4) The Future of Patenting - The Conceptual Age
During the Information Age, patenting was driven by the linear/ logical needs of businesses. However, this process of analytical, logical thinking is being substituted by the very computers we created (and patented) and we now find ourselves at the beginning of a new innovation era.

Some of the characteristics that we can expect to emerge from this new "Conceptual Age" include people-focused service, products that fit individual lifestyles, and an emphasis on human and emotional bonding. The Conceptual Age is grounded on the strengths of human imagination, emotion, a deeper understanding and appreciation for meaning – fundamental human qualities that address the needs of the individual.

Therefore in this future age, we can expect that the new drivers of patenting will combine the creative brilliance of a Da Vinci with the business expertise of a Gates and in addition incorporate a more compassionate approach to problem solving, creating not only practical solutions, but meaningful and customized inventions that will once again address the specific needs of the individual.

Why the Shift to the Conceptual Age?

During the information age, inventors and businesses found many opportunities to capitalize, commercialize and even mass produce innovation in the form of patents. Over time, however, much of the uniqueness commonly attributed to patents and patented products began to disappear.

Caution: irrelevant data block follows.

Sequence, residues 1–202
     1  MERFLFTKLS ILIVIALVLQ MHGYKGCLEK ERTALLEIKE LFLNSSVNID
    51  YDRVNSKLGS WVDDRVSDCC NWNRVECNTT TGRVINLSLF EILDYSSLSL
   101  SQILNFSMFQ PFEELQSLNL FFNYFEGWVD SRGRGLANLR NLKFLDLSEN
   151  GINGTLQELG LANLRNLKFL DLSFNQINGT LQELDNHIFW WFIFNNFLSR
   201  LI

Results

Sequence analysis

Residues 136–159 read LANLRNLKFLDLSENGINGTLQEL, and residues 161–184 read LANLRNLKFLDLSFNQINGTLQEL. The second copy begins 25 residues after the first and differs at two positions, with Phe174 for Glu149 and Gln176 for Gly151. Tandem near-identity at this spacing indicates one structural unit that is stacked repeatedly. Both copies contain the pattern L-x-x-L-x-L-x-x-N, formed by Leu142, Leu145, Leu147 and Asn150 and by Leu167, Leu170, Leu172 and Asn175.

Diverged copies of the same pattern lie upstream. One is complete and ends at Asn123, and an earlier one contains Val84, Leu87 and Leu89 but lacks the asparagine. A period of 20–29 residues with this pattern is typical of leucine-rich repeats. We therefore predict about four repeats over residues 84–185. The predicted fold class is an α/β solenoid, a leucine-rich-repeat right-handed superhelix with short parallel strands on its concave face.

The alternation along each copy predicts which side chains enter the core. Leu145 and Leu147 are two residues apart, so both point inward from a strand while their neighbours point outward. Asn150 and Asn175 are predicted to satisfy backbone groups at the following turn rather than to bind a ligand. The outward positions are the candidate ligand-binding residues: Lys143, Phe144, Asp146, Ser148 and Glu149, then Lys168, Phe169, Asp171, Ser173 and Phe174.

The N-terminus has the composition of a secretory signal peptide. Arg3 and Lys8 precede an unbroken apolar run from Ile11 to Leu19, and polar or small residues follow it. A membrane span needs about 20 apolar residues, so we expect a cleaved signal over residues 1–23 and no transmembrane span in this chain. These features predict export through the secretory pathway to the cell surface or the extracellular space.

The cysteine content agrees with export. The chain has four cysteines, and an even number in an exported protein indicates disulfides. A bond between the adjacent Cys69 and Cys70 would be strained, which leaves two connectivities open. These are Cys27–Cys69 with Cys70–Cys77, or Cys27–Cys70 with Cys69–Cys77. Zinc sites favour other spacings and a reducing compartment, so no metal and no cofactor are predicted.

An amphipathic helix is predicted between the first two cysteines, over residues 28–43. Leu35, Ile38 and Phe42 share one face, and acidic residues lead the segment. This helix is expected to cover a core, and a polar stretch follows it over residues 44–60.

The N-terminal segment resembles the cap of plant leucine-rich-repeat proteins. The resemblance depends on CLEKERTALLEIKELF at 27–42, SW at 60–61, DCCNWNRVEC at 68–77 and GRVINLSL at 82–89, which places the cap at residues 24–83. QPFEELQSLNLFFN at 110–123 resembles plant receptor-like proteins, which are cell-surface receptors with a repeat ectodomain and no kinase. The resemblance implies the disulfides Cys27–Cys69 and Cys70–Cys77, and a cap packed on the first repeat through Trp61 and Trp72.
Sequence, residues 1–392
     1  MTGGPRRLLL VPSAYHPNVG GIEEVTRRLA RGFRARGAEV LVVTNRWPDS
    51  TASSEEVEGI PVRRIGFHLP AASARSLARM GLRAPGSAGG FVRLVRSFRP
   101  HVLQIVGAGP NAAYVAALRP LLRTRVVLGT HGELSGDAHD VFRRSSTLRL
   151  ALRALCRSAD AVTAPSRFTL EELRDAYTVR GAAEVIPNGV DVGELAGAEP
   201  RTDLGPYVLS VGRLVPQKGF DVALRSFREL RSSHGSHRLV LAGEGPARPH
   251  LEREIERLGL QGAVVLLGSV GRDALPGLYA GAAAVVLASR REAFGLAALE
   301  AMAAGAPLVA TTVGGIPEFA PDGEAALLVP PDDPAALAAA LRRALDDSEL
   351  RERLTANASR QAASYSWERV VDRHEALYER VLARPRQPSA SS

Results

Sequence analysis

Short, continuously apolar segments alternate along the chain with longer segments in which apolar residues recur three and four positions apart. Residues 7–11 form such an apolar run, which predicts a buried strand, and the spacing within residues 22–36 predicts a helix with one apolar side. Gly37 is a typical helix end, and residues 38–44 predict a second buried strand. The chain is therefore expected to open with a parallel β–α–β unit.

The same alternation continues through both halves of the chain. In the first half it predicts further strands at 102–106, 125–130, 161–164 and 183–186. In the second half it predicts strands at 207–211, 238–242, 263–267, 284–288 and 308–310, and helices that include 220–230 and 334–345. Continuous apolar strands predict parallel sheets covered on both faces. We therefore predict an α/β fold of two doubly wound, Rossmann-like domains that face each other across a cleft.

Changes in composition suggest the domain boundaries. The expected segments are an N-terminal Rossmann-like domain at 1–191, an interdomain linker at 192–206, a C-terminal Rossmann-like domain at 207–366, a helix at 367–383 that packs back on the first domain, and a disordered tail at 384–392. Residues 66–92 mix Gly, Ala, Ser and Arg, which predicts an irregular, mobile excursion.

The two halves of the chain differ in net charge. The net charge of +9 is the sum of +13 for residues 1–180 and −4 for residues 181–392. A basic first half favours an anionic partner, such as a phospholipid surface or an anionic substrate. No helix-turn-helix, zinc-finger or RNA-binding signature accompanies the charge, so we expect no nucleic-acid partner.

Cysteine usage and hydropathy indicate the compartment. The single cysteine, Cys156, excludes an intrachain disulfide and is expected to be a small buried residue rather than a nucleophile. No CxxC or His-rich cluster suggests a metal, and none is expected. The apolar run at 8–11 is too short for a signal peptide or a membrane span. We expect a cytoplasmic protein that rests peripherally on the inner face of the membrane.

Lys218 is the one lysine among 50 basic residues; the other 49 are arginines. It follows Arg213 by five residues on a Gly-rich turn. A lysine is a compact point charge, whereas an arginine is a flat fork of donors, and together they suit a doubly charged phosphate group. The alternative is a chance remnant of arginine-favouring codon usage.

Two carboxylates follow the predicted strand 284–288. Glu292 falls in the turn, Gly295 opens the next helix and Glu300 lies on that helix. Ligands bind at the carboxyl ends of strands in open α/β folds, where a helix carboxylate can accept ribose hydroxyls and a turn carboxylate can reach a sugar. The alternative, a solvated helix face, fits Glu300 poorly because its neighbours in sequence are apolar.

A prospective buyer in most markets today is met by an overabundance of similar products, at affordable prices. In addition, automation has taken over the place of the traditional craftsmen or inventor; computer software is fast becoming "leading inventors".

Furthermore, the work of knowledgeable employees, such as computer programmers and machine operators, are being outsourced to the cheaper labor markets of Asia's developing countries.

To make thing worse for the manufacturer, educated masses are now demanding even more from the products they buy. Product functionality has now been coupled with a need for meaning and lifestyle enriching experiences.

The main reasons for the shift to the Conceptual Age can thus be summarized in three words: Abundance, Outsourcing and Meaning.

What next?

In the Conceptual Age, industries (who wish to flourish) will have to strategize around the following 3 questions:
  1. Can my service/product be outsourced?
  2. Can my service/product be automated?
  3. Does my service/product serve a need that goes beyond functionality?
If you can answer NO to all of the above questions, then you are most likely in the position to offer a meaningful service/product that will be valued in the new age.

In addition, businesses with active research and development (R&D) should focus on: How to create an environment that will foster the leading patents of the Conceptual Age and patents for technology that can NOT be easily outsourced, automated or that merely meet the requirements of functionality.

In our follow-up article, we will have a closer look at: "What constitutes creativity in a business environment?" and "a discussion (with examples) of the six essential Right Brain Directed abilities according to Pink, namely: design, story, symphony, empathy, play and meaning."

Pink, D.H. (2005), A whole new mind, New York: Penguin.
Did You Know? http://www.youtube.com/watch?v=Mmz5qYbKsvM&feature=fvst